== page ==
When Betty Bullock was diagnosed with osteoporosis in 1997, at the age of 66, it was a shock. She’d always been healthy and active, an avid athlete who plays tennis, swims, walks her dogs, and dances.
“I was thinking, ‘What did I do wrong?’” says the 76-year-old great-grandmother, who lives in Albuquerque, N.M. “I had assumed I didn’t have to worry about osteoporosis since I was so healthy and my mother had never had it.”
But the genes on the other side of Bullock’s family may have betrayed her: Her father lost a lot of height in his later years and even had a small hump on his back. “My doctor told me, ‘You didn’t do anything. It has to be heredity in your case.’”
And her life on the move had paid off, after all. Bullock realized all those years of staying active had probably protected her from injury even as her bones weakened. In her 50s, when traveling with her daughter in San Francisco, she tripped and nearly took a serious tumble -- but caught herself. “Good recovery, Mom -- you must have good ankles!” her daughter said.
Weight-bearing exercise also benefits bones directly, says Bullock’s doctor, Michael Lewiecki, MD, who directs the New Mexico Clinical Research & Osteoporosis Center. “It stimulates growth both in the bones that bear the weight and in the muscles attached to those bones. Strong leg muscles mean we may be less likely to fall because, like Betty, if we stumble, we can catch ourselves.” Not only does weight-bearing exercise prevent bone loss, but there is some evidence it even can help build new bone.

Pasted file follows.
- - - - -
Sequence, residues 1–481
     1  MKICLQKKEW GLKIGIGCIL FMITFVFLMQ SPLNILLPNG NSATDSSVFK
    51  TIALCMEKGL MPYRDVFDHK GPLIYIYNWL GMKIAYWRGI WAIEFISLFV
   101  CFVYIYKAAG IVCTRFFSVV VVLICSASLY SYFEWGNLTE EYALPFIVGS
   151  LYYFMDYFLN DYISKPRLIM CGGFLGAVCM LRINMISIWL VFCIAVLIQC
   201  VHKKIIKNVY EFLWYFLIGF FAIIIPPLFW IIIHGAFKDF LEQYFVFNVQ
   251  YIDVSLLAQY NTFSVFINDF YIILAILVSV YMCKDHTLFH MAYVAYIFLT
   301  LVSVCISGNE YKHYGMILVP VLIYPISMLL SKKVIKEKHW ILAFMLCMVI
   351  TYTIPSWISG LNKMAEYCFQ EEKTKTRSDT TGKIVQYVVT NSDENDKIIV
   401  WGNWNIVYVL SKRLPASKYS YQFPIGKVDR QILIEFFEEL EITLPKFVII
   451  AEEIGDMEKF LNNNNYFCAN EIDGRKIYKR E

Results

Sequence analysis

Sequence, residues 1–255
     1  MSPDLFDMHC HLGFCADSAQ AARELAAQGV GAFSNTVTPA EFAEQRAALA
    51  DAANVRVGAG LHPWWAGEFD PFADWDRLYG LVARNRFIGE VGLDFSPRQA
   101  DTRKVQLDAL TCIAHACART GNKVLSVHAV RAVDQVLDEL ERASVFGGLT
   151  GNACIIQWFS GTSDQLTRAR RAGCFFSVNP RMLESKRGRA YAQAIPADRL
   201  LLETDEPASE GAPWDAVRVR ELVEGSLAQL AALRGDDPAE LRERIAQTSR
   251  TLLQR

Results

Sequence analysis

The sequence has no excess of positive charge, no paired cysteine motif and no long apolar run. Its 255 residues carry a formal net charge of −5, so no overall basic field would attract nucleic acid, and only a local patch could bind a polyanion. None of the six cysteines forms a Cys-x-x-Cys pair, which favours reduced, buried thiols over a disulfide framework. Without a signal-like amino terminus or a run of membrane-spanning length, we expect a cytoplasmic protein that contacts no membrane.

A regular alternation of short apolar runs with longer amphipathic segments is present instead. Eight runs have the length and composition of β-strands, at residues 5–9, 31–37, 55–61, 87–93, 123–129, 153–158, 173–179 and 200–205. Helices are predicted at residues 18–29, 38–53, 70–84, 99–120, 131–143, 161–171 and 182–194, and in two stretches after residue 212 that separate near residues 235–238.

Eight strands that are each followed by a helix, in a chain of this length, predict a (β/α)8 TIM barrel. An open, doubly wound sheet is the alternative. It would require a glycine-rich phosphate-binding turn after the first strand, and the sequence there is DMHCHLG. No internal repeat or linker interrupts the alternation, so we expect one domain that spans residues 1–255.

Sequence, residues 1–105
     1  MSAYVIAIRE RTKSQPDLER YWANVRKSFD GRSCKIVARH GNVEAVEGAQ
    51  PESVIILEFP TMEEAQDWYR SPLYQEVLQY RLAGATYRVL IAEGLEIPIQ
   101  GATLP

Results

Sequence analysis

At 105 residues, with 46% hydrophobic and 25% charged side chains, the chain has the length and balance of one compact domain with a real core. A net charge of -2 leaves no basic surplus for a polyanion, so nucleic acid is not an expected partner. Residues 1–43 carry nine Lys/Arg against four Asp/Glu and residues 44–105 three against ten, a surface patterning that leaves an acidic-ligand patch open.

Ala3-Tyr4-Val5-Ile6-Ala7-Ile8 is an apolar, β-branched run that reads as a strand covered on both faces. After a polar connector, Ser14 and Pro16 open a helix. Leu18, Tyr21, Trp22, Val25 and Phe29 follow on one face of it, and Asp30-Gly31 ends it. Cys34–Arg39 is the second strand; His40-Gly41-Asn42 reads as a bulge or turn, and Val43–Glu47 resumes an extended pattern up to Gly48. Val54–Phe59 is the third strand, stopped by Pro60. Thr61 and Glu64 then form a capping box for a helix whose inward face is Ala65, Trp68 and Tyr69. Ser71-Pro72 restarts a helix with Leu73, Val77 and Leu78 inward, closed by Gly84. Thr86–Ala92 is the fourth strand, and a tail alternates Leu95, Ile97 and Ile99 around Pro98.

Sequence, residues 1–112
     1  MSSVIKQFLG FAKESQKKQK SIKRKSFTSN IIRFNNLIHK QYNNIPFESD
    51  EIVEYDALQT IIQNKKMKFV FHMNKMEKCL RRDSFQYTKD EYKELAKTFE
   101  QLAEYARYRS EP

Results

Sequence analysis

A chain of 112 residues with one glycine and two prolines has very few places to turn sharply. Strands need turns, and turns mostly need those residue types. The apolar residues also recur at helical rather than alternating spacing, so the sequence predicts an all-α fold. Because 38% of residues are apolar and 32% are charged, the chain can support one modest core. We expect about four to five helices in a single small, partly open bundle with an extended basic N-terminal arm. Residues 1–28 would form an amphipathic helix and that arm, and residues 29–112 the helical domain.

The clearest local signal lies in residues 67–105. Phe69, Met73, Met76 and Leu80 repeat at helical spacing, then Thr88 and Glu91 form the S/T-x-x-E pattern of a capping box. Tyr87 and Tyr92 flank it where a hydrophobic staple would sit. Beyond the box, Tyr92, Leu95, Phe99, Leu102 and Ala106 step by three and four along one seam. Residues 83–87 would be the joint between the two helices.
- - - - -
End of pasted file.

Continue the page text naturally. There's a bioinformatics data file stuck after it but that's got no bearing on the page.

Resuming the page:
Balance and Osteoporosis
Bullock also has good balance. And that, Lewiecki says, probably keeps Bullock on her feet and out of the emergency room with a broken bone.
Once Bullock was diagnosed, Lewiecki prescribed weight training in addition to her regular activities. She now trains on Nautilus machines. Other good workouts for people with osteoporosis are walking, yoga, and t’ai chi.
Both Bullock and Lewiecki believe that, although exercising didn’t keep her from developing osteoporosis, she’d be in a lot worse shape had she lived a sedentary life. “I think I’m much better off having exercised all this time,” Bullock says. “We weren’t built to do nothing.”
Michael Lewiecki, M.D., Clinical Assistant Professor of Medicine, University
of New Mexico School of Medicine and Osteoporosis Director, New Mexico Clinical
Research & Osteoporosis Center, Albuquerque, N.M.
National Institute of Arthritis and Musculoskeletal and Skin Diseases,
“Preventing Falls and Related Fractures,” August 2005.